Rookery Park welcomes new professional Gary Kitley

Rookery's new professional is Gary Kitley, who first played golf when, at 12, he visited a seaside putting green.

He had never held a golf club before but it fired an interest and, when returning home, he and a friend joined Bury Golf Club as juniors.

Another friend had a brother who played off a one handicap and they all spent endless hours on the golf course together.

Eventually, he attended Farnborough College to study Leisure Management. The course, however, failed to really interest him and when Bury professional, Mark Jillings, offered him a post as an assistant he immediately curtailed his studies and accepted the offer.

During the three years that followed he undertook PGA training and was delighted to be selected as one of the top 15 assistants to be offered a Titleist sponsorship.

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In 1992 he became the golf professional at East Dereham. By coincidence his two Rookery predecessors, Martin Elsworthy and Steve Beckham were both once the professionals at East Dereham GC. After three years in the post Gary Kitley became professional at Thetford GC and remained there until his move to Rookery.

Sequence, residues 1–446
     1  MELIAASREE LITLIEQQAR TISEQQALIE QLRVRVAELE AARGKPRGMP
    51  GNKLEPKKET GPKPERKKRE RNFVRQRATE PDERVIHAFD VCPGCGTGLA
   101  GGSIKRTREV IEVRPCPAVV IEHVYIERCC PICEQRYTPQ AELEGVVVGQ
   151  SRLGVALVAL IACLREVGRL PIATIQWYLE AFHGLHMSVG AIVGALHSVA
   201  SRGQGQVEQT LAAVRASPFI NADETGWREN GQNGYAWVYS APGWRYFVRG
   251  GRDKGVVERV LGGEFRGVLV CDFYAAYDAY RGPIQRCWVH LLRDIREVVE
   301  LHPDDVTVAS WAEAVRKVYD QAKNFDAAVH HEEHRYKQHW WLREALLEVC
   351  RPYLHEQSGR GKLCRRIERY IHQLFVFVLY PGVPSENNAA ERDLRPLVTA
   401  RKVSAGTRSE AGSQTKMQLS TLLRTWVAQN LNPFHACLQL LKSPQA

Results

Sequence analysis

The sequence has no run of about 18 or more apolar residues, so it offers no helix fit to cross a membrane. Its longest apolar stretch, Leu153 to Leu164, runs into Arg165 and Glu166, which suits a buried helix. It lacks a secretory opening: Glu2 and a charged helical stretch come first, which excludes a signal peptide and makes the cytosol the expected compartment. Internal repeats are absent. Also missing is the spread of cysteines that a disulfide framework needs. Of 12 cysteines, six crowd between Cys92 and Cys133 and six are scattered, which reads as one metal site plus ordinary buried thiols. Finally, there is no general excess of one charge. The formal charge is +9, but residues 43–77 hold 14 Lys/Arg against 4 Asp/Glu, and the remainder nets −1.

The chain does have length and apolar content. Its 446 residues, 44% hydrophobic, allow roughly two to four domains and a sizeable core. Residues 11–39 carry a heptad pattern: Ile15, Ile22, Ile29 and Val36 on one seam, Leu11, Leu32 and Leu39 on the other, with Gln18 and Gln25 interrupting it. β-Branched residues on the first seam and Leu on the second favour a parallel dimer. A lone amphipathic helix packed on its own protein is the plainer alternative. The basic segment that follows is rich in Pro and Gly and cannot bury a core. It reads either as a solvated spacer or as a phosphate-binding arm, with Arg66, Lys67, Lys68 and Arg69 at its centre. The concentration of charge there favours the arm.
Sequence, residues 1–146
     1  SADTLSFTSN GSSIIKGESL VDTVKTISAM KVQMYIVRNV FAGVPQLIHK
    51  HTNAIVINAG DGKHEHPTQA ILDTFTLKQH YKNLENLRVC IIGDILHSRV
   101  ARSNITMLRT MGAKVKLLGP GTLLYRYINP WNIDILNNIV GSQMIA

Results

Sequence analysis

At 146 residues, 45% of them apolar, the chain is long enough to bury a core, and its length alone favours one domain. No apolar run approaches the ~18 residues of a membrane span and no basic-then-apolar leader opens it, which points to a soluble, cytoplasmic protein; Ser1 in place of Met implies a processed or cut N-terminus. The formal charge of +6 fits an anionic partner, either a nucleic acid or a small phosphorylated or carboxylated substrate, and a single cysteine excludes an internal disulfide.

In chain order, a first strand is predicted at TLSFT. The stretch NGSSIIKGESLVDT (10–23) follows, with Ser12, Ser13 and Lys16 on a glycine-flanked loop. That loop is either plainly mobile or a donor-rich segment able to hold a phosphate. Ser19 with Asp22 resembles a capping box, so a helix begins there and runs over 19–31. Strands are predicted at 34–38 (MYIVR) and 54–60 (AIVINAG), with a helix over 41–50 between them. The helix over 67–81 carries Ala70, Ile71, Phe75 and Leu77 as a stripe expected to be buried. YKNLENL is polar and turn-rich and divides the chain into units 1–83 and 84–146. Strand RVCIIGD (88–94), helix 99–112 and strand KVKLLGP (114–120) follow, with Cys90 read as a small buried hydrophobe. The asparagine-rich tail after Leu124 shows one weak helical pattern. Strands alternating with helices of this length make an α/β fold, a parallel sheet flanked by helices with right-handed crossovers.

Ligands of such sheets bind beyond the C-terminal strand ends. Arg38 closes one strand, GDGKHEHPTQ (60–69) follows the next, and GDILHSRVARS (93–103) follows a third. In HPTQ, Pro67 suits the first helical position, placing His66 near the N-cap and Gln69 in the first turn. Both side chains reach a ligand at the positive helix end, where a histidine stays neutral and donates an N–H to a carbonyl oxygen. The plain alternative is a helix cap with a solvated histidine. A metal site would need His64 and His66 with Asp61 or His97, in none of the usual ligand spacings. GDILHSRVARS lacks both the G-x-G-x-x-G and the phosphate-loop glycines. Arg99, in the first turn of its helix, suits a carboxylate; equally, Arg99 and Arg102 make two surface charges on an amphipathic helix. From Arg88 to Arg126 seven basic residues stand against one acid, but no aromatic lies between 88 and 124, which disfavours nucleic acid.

He once qualified to play in a final Open Championship qualifying round on a course in Kilmarnock, which was close to Turnberry, where the Championship, eventually won by Nick Price, was due to be held.

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As a late replacement for Jim Payne, he had to travel up to Scotland through the night in order to tee off early the following morning.

Shattered and half asleep he was astonished to begin with a chip-in birdie. Tiredness then took over and he had one of his worst ever rounds.

Knowing that he could not qualify but duty bound to play the second round the next day, he decided not to waste money on a hotel, so he slept in his car. Next morning he arrived on the tee with a stiff neck, aching back only to be soaked by heavy rain. He said it was a worse experience than having to watch his beloved Ipswich Town play football this season.

The new professional enjoys teaching and, with his new assistant, 18-year-old Ed Garrod, he wants to start an academy to attract and teach youngsters.

He plans to live locally and become involved in all of the club's activities. The professional's shop, he believes, should be a hub of golfing interest and activity. In welcoming him to Rookery members all wish him well.

His assistant, Ed Garrod, joined the West Suffolk Golf Centre ten years ago. A former Thetford junior he won the under 14, 16 and 18 Norfolk Championships. After completing his PGA qualifications he hopes to become a club professional. He is looking forward to helping Rookery's juniors.

David Batley

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